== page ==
Those wielding power become addicted to it, and driven by the thrill they enjoy from the exercise of such power, they lose absolutely, the ethos of public service which ought to be their driver.

As we have reported so often, the Conservative majority in Fylde now acts like a steamroller, often visibly so, demolishing alternative views simply to demonstrate their power.

And because they are the majority party (and thus have a majority of seats on the decision taking bodies), they can carry the vote in all the Council's meetings.

But what they cannot do, and what they have been forced to suffer, is a reminder that Fylde Council belongs to the people of Fylde, not to political parties and not to the power hungry.

Nor does it belong to the aspirant MPs, that took over the soul of Fylde's conservative party when the counsel of former 'one nation' moderates was rejected.

In effect those exercising power have been given a bloody nose by the electorate and, like any bloody nose, it hurts.

So what will be the impact of this milestone in Fylde's history.

Well, the first and most obvious change is that at its next Annual Meeting in May 2015, Fylde will abandon the Leader and Cabinet model of Executive Governance and return to the Committee based system.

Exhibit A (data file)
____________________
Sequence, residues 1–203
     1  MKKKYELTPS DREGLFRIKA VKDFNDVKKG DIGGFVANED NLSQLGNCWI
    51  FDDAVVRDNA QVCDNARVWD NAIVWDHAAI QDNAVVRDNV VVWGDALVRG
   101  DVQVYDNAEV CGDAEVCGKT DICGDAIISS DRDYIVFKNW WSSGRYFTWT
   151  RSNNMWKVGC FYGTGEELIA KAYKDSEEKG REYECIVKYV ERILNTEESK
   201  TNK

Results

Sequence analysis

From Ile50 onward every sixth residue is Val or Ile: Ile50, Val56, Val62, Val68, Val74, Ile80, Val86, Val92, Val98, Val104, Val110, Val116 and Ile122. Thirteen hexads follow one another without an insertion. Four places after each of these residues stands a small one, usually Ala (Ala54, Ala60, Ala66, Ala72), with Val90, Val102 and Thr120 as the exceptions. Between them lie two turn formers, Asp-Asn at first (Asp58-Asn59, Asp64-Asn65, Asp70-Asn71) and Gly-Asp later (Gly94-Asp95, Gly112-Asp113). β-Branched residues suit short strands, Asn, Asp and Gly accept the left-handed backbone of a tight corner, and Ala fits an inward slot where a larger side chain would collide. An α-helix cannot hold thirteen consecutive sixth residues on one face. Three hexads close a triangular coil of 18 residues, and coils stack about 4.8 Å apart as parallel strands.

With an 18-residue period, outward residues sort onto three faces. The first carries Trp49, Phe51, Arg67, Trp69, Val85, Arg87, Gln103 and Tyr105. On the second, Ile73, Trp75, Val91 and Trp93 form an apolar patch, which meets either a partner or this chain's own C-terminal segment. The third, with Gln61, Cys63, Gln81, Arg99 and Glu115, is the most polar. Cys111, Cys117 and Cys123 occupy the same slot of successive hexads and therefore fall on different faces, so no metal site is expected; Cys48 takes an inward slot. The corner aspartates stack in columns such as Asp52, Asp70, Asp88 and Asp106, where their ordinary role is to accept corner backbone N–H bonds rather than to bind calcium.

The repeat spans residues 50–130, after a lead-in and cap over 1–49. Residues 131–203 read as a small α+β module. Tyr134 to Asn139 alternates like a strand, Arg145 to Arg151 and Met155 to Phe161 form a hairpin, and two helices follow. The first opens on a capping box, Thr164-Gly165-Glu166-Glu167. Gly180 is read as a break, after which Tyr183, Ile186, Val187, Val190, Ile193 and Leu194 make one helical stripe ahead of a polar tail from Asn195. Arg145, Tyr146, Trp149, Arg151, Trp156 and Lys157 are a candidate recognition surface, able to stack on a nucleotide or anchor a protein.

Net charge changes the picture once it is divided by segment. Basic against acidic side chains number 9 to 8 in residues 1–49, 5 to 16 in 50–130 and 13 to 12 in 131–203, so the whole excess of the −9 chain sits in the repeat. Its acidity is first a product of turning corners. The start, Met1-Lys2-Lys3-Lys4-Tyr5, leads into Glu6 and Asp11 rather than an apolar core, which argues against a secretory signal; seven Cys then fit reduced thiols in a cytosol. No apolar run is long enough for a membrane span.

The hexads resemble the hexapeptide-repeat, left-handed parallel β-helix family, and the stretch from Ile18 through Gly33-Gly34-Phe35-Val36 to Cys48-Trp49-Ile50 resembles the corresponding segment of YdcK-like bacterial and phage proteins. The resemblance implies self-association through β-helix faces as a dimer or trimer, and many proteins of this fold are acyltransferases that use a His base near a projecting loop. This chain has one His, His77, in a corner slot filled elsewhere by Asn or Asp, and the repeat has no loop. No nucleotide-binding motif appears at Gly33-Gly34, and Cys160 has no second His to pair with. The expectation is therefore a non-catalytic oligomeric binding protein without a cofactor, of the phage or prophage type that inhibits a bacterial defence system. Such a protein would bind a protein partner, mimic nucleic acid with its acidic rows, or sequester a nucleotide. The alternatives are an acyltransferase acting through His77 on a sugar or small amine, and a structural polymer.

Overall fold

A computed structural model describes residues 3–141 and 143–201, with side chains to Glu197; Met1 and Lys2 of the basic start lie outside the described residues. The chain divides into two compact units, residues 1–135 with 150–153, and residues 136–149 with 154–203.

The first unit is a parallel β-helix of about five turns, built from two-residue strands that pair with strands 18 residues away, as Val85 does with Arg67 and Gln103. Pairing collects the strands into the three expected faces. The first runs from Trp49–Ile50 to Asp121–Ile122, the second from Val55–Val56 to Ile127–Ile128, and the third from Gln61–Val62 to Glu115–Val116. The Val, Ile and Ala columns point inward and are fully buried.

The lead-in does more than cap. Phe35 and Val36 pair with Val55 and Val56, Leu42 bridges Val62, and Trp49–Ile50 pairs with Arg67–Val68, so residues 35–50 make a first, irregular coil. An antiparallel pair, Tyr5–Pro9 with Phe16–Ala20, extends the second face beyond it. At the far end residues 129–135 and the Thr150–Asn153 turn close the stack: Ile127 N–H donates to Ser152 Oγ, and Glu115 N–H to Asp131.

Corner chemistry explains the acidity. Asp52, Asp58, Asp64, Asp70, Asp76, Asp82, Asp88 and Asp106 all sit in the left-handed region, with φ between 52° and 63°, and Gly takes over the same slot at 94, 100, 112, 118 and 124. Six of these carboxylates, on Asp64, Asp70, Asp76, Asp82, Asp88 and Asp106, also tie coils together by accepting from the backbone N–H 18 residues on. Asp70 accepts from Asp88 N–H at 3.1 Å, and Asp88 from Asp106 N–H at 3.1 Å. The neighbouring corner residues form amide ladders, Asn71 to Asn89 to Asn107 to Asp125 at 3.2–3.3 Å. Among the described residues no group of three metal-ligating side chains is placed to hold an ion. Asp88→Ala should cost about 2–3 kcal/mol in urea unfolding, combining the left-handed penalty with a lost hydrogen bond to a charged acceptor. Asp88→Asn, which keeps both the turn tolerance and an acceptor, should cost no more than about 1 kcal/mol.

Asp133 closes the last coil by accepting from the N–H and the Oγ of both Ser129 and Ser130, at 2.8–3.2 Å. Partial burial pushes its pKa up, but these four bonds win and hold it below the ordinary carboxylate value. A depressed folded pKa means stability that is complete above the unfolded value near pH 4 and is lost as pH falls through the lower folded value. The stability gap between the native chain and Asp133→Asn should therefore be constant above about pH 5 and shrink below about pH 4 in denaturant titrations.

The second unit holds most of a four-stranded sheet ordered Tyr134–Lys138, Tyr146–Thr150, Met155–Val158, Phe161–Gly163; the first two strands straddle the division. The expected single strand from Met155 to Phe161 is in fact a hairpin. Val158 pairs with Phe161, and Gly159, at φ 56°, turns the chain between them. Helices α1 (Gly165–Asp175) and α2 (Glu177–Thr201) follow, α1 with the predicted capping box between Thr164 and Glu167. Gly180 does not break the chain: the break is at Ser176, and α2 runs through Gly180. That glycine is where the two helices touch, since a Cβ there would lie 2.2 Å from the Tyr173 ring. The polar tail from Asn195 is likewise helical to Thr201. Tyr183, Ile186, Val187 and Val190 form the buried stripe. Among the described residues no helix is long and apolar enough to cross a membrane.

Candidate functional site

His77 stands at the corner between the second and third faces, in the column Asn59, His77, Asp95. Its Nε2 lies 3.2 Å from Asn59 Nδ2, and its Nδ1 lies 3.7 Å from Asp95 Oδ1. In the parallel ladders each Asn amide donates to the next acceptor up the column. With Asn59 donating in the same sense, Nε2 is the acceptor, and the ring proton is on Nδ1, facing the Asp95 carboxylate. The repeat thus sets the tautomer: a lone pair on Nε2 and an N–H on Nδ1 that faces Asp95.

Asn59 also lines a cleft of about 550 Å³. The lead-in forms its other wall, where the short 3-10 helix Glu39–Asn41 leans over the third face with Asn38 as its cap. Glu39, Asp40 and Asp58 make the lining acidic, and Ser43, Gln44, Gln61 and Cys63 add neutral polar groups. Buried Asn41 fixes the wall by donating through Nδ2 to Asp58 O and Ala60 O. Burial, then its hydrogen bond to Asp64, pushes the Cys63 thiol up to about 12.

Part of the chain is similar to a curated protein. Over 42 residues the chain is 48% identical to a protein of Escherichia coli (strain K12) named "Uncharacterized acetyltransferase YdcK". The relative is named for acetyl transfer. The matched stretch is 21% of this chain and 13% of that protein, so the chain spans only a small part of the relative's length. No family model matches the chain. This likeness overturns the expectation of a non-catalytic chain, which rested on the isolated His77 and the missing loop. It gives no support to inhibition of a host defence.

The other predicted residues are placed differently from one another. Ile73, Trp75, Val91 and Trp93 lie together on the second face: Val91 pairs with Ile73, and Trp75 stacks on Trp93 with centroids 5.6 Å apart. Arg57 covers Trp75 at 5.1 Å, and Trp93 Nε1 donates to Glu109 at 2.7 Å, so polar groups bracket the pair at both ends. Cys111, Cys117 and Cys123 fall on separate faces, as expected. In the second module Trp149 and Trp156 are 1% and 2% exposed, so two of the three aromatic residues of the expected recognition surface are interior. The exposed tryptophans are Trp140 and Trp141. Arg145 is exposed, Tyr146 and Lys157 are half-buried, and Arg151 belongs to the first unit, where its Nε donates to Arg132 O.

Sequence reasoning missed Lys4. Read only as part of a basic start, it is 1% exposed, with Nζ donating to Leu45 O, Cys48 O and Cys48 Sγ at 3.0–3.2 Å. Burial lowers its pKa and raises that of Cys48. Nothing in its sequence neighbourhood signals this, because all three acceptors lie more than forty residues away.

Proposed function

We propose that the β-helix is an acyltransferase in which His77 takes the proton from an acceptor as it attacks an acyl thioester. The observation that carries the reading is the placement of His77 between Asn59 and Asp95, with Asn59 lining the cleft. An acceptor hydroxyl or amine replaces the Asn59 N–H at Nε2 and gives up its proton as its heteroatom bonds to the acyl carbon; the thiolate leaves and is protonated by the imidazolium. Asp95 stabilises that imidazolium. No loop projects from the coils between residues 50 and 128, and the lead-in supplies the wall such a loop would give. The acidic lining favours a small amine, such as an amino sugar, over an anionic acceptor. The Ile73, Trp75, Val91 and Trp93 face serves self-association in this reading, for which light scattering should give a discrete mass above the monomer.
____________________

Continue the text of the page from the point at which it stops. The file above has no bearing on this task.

The exact details of how this will work will be devised in the coming months, but the framework within which those decision will be made can be found in this document.

There will be scope for the majority party to throw spanners into the works as this goes along, and it remains to be seen whether they have accepted the electorate's decision with good grace and go back exactly to 'one man one vote' or whether they try to subvert the decision - for example by extensive delegation of powers within the committee system.

But whichever details are agreed, the fundamental point is that the supremacy of decisions taken by all the councillors acting as the Full Council has been restored from May 2015.

We think it would have been better to have set it up from May 2014. This could have been done if FBC had the will to have done so. That way an experienced council would have been the one who bedded in the new system. As it is, it will be a newly elected Council, (possibly with a different electoral result), who bed in the new arrangement unless FBC effects some sort of 'shadow' Committee system later this year, and the Cabinet tacitly agrees to implementing the decisions of that Committee system.

It's early days yet, but we expect the new system to bring a greater depth of experience and a broader vision to decisions made in the name of the Council, and that can only be a good thing.